» Government may tap into your IoT gadgets and use your smart devices to spy on you
[10 Feb 2016 08:20am]

» Poseidon hacker group behind long-running extortion scheme
[10 Feb 2016 06:04am]

» Setting up a Windows 10 picture PIN
[10 Feb 2016 06:00am]

» U.S. regulator: A Google computer could qualify as car driver
[10 Feb 2016 05:51am]

***
Microsoft Security Advisories

» 3137909 - Vulnerabilities in ASP.NET Templates Could Allow Tampering - Version: 1.1
[10 Feb 2016 12:00am]

» 2871997 - Update to Improve Credentials Protection and Management - Version: 5.0
[09 Feb 2016 12:00am]

» 3123479 - Deprecation of SHA-1 Hashing Algorithm for Microsoft Root Certificate Program - Version: 1.0
[12 Jan 2016 12:00am]

» 3109853 - Update to Improve TLS Session Resumption Interoperability - Version: 1.0
[12 Jan 2016 12:00am]

» 3118753 - Updates for ActiveX Kill Bits 3118753 - Version: 1.0
[12 Jan 2016 12:00am]

» 2755801 - Update for Vulnerabilities in Adobe Flash Player in Internet Explorer and Microsoft Edge - Version: 53.0
[05 Jan 2016 12:00am]

» 3123040 - Inadvertently Disclosed Digital Certificate Could Allow Spoofing - Version: 1.0
[08 Dec 2015 12:00am]

» 3057154 - Update to Harden Use of DES Encryption - Version: 1.1
[08 Dec 2015 12:00am]

» 3119884 - Inadvertently Disclosed Digital Certificates Could Allow Spoofing - Version: 1.0
[30 Nov 2015 12:00am]

» 3108638 - Update for Windows Hyper-V to Address CPU Weakness - Version: 1.0
[10 Nov 2015 12:00am]

» 3097966 - Inadvertently Disclosed Digital Certificates Could Allow Spoofing - Version: 2.0
[13 Oct 2015 01:00am]

» 2960358 - Update for Disabling RC4 in .NET TLS - Version: 2.0
[13 Oct 2015 01:00am]

» 3042058 - Update to Default Cipher Suite Priority Order - Version: 1.1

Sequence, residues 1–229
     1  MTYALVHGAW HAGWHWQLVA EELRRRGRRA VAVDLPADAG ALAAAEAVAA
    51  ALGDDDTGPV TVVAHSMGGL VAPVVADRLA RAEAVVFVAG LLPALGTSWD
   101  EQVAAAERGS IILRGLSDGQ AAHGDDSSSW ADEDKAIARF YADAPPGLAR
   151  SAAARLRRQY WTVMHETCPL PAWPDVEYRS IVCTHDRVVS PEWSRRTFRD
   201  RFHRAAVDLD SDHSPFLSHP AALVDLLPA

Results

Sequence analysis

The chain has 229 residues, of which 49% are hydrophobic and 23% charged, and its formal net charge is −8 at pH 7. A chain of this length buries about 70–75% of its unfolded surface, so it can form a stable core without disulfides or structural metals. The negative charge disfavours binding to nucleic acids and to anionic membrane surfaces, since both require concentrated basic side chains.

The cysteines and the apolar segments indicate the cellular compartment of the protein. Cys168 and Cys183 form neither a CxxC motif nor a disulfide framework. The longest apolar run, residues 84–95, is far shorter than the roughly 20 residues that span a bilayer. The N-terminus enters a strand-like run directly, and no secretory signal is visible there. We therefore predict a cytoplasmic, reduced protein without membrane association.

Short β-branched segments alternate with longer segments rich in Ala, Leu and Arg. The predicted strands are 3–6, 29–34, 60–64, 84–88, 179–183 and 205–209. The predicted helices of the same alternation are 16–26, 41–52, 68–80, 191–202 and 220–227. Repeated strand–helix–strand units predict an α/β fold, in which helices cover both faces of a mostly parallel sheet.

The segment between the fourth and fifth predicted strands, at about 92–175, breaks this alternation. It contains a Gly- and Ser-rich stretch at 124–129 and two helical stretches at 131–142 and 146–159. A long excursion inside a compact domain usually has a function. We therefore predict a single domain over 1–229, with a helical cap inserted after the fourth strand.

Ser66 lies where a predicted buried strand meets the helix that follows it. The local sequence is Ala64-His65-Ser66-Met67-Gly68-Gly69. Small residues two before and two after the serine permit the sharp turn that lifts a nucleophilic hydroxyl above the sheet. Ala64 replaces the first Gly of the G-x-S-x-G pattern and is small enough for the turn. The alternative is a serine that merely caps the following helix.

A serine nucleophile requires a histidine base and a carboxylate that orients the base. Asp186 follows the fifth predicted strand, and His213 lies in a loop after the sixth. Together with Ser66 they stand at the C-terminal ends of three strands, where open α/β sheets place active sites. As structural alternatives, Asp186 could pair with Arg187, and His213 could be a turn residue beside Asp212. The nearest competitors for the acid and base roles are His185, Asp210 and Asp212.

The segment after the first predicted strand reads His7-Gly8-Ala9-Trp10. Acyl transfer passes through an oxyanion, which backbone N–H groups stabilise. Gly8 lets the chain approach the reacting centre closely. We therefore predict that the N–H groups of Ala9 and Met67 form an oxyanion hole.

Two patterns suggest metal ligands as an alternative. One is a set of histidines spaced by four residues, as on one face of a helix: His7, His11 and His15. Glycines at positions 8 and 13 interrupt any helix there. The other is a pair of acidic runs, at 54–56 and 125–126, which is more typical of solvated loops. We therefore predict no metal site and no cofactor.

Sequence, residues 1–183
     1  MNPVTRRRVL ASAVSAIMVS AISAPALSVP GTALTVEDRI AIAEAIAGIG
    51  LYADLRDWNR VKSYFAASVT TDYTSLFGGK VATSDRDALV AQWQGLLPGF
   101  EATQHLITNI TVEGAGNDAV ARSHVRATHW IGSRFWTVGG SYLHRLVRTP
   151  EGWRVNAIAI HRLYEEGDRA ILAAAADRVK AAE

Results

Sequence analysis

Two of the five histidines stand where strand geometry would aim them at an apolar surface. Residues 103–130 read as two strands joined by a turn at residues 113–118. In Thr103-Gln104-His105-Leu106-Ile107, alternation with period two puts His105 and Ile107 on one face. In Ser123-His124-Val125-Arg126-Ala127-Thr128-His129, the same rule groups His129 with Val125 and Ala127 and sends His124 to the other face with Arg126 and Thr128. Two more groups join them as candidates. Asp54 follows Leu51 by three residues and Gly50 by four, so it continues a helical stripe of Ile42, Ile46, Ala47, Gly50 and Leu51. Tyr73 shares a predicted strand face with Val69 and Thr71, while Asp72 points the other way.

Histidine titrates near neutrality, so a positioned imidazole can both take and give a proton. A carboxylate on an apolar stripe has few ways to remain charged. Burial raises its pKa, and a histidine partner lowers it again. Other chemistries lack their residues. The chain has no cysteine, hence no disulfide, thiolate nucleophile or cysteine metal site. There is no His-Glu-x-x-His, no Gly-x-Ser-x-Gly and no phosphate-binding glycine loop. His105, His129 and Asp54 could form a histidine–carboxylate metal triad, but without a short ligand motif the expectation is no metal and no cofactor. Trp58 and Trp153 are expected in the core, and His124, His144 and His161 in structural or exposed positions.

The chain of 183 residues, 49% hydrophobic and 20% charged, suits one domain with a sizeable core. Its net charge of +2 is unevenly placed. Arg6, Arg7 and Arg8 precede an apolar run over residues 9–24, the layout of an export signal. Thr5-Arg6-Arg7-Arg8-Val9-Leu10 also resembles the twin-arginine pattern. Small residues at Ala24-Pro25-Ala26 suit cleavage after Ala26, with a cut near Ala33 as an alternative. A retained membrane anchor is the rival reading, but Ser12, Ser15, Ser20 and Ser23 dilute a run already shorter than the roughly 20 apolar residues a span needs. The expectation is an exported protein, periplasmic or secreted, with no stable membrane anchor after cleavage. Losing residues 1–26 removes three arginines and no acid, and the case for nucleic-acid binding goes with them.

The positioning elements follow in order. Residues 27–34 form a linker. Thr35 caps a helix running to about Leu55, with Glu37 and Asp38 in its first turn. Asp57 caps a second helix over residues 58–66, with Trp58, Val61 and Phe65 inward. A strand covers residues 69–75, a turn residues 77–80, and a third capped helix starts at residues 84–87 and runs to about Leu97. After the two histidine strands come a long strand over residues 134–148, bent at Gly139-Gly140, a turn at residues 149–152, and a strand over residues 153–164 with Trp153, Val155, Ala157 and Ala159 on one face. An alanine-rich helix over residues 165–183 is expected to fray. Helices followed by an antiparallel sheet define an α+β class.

[13 Oct 2015 01:00am]

» 3083992 - Update to Improve AppLocker Publisher Rule Enforcement - Version: 1.0
[08 Sep 2015 01:00am]

» 3074162 - Vulnerability in Microsoft Malicious Software Removal Tool Could Allow Elevation of Privilege - Version: 1.0
[14 Jul 2015 01:00am]

***
WIRED » Security

» Evidence Suggests the Sony Hackers Are Alive and Well and Still Hacking
[12 Feb 2016 07:00am]

» Encryption Is Worldwide: Yet Another Reason Why a US Ban Makes No Sense
[11 Feb 2016 10:23am]

» New Bill Aims to Stop State-Level Decryption Before It Starts
[10 Feb 2016 01:27pm]

» Obama’s Cybersecurity Plan is Meant to Secure His Legacy
[10 Feb 2016 05:00am]

» How to Hack the Power Grid Through Home Air Conditioners
[09 Feb 2016 08:40am]

» Donate Your Old USB Drives to Fight North Korean Brainwashing
[09 Feb 2016 07:00am]

» Obama’s New Cybersecurity Plan Sticks to the Most Basic Basics
[09 Feb 2016 03:01am]

» Hack Brief: Hacker Leaks the Info of Thousands of FBI and DHS Employees
[08 Feb 2016 01:33pm]

» It’s Been 20 Years Since This Man Declared Cyberspace Independence
[08 Feb 2016 07:58am]

» Take a Trip to a Time When Viruses Still Called You Names
[08 Feb 2016 05:00am]

***
Network World Security

» White-hat hackers key to securing connected cars
[12 Feb 2016 09:35am]

» FTC reminder: ‘Spread the word about government imposters’
[12 Feb 2016 09:31am]

» Nasdaq to use blockchain to record shareholder votes
[12 Feb 2016 09:09am]

» Henry Ford and Incident Response
[12 Feb 2016 08:41am]

» REVIEW: Cyphort makes advanced threat protection easier than ever
[25 Jan 2016 04:00am]

» Two network video cameras raise the bar for home security
[19 Jan 2016 12:20pm]

» FidSafe: A cloud service for important documents (and the price is right)
[15 Jan 2016 06:23pm]

» Best open source email security products
[11 Jan 2016 04:00am]

» REVIEW: MailScanner and ScrolloutF1 are standouts in open source email security
[11 Jan 2016 04:00am]

» Piper nv: An ambitious home monitoring and automation system
[09 Jan 2016 04:09pm]

» Sentri wants to guard your home but isn't very good at it yet
[20 Dec 2015 04:11pm]

» Dog and Bone LockSmart: The padlock rethought
[19 Dec 2015 12:53pm]

» Review: Best password managers for the enterprise
[07 Dec 2015 04:00am]

» FTC reminder: ‘Spread the word about government imposters’
[12 Feb 2016 09:31am]

» Nasdaq to use blockchain to record shareholder votes
[12 Feb 2016 09:09am]

***


More IT Security
News Feeds
More Sponsors

Advertise on this site
RSS Feeds
Our news can be syndicated by using these rss feeds.
rss1.0
rss2.0
rdf
Symantec News

NIST.org is in no way connected to the U.S. government site NIST.gov

This site is © John Herron, CISSP. All Rights Reserved.

Please visit daily to stay up to date on all your IT Security compliance issues.

http://www.nist.org -
Hosted by BlueHost. We've never had a better hosting company.
{THEMEDISCLAIMER}